Eileen: Yes, absolutely. And then from that, they want to then apply we say the word kindness, but people just say these words. But we have to then find a way to apply kindness and then go, okay, part of me is sabotaging myself. I don't like it. It's horrible. It does my head in. It's not nice. It's uncomfortable. And another part of me wants to help me get out of that. And that's when a coach comes along and can help those two parts work together. Is south sabotage a quick fix? No. Does south sabotage go away? No. Because it still serves you as a protection mechanism in life. Can we lessen the impact and the pain of the saboteur? Oh, yes. So that's kind of like what I will help people work through.

Leigh: Got you. So let's say someone recognizes their self-sabotaging, in your opinion? I think I know what you're going to say. Is there a way that people can do it without coaching?

Eileen: I think they can do a certain amount, absolutely. Where there's so much material out there at the moment, there's so much resources where they can go and read and invest and look at giving them self care and positive attention. For sure. They could possibly. What I get clients to do at first is just to write down their cycle, write down the pattern, because the saboteur has a very clear, distinctive pattern that just repeats it's like a loop so they could try and sit on their selves. I'm all about self-empowerment. I'm all about not everyone has the financial investment to invest in a coach. So if they don't, then you can sit and look at your own pattern and kind of write it down and kind of go, okay, I can see the pattern where's the part that I can change that can certainly work for some. My experience for most is when we need another person involved, because the Saboteur is crafty little ******. It's crafty. It sneaks when you don't know when everything's going great and glossy and you're in your business and you've done all the work and you're just about to jump over the line and get new clients when the saboteur kicks off, or the same with the diet or loving a date or whatever, it's crafty. So that's when you need for me, an outside person, because they don't have the emotions, they don't have the emotional involvement, because you're kind of in your story. So it's hard for you to see a new perspective because you're so in the story, if that makes sense.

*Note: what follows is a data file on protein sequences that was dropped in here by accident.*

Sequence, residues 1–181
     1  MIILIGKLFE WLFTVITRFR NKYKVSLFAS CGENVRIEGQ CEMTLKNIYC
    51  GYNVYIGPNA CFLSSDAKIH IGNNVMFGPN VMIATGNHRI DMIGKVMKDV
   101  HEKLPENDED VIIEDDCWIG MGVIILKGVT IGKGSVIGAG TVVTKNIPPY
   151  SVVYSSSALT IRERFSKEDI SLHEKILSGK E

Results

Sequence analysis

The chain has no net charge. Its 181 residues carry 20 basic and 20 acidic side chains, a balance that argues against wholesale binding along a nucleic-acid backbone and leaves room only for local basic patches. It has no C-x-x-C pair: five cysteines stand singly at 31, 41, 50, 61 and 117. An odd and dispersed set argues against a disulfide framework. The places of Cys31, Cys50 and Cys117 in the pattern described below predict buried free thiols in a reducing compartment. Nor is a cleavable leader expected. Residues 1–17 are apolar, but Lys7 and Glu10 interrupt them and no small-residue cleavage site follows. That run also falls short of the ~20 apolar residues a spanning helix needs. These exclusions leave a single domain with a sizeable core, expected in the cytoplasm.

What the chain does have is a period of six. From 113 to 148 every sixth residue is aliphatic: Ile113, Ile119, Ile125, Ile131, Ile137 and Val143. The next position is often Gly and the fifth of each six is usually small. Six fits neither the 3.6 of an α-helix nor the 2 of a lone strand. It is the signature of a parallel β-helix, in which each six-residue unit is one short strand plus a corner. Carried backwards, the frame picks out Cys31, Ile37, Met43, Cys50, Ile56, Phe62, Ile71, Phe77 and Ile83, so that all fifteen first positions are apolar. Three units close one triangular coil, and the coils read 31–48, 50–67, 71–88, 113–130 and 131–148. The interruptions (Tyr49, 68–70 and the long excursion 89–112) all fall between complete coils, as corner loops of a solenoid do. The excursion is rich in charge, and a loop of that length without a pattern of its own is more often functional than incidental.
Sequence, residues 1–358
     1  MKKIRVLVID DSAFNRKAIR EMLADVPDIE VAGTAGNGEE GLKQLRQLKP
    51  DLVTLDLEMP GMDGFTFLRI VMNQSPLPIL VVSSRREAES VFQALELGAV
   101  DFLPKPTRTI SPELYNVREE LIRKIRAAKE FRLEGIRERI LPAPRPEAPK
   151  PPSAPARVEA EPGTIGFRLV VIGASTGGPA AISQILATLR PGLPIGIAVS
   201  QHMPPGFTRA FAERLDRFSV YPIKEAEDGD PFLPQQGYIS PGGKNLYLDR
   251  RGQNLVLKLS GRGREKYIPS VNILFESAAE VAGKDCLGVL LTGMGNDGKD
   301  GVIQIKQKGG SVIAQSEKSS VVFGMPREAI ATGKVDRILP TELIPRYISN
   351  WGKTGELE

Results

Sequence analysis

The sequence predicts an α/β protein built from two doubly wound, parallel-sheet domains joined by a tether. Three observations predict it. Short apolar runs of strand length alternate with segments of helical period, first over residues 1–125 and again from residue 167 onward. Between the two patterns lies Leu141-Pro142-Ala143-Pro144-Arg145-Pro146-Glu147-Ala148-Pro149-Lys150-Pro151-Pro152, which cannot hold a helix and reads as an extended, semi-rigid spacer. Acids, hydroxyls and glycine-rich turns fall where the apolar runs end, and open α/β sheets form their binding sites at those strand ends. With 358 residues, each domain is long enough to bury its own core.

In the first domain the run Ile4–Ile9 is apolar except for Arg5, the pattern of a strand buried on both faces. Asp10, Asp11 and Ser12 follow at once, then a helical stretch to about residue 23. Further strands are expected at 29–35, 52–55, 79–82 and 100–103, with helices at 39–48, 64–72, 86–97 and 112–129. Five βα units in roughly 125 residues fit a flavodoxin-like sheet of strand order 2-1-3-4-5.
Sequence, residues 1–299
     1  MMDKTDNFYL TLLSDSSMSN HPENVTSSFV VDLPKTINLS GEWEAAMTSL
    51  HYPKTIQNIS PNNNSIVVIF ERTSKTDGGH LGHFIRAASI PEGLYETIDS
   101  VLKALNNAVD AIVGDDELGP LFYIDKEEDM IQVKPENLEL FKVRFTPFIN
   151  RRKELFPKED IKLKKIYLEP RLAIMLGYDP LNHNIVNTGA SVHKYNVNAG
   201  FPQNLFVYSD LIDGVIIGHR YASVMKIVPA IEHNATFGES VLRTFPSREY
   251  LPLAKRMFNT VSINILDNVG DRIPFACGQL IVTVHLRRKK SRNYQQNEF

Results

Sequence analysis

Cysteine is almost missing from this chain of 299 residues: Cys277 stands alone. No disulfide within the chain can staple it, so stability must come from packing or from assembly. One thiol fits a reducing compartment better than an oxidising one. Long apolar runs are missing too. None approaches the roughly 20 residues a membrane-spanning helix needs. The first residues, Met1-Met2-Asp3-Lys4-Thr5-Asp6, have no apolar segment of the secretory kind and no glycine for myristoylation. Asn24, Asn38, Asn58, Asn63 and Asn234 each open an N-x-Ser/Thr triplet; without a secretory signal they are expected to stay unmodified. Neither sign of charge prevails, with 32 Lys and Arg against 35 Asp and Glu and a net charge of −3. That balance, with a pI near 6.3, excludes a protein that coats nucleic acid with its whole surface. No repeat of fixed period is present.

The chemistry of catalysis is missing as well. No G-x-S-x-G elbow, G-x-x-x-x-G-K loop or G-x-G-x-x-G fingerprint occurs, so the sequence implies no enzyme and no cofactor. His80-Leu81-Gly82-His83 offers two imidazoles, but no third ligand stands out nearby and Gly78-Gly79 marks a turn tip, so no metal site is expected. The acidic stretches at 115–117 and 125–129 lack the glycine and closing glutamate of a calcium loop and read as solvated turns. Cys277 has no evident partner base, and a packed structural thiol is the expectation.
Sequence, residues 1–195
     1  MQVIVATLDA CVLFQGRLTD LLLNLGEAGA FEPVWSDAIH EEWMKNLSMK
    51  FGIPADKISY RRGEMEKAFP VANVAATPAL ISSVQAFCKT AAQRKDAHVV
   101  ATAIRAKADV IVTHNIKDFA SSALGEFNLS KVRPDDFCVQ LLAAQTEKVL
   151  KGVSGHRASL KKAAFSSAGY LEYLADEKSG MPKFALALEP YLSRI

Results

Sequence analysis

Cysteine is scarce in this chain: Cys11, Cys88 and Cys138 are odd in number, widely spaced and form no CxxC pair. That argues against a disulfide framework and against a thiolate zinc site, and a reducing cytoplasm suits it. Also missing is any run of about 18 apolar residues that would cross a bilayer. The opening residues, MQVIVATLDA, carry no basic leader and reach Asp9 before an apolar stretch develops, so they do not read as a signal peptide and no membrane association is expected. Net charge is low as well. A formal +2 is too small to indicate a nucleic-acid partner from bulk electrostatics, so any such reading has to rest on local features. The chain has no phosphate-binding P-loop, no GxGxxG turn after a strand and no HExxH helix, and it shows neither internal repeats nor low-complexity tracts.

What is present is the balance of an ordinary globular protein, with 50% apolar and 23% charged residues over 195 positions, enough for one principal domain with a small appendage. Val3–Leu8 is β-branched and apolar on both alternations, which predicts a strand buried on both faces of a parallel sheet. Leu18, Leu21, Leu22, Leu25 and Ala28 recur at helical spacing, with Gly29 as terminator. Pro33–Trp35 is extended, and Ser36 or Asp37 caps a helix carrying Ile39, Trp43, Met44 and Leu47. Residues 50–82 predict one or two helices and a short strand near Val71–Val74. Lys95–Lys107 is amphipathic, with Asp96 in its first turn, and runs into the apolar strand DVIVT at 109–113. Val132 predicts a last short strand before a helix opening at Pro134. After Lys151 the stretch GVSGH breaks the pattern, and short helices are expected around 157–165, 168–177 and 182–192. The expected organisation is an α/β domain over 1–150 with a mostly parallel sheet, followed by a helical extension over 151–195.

Leigh: Absolutely does, yeah.

Eileen: So, I was like, you know, I'm sabotaging myself. Oh, I'm pushing away, love. Why would I do that? Silly cow. I want to be loved. Then I was like, oh. Part of me is made up a story that my dad didn't love me because as a little girl, every time I sat on his lap, he kind of pushed me away. I was always wanting attention of Daddy, how I got attention of Daddy. He would fight with me, like with box, and he'd do those arm burns on my hand. So that kind of model to me that you fight with guys, so I'd fight with guys. And then once I realized, actually I'm looking for validation, I'm looking for acknowledgment, then I could just give myself acknowledgment. But I needed an outside person to kind of say to me, what if you turn all men into being your dad? I would have never worked that out on my own. And then that was like, what if I do what if I do everything to please men? And when I'm don't feel that I please them, then I feel like it's my fault. Or if a bloat doesn't notice me like you've never I don't know, maybe you've had a life as a womanly. I don't know if you've ever dressed up in a dress with a pair of stilettos.

Leigh: I can't remember. I probably have in a previous life, but I certainly don't remember it.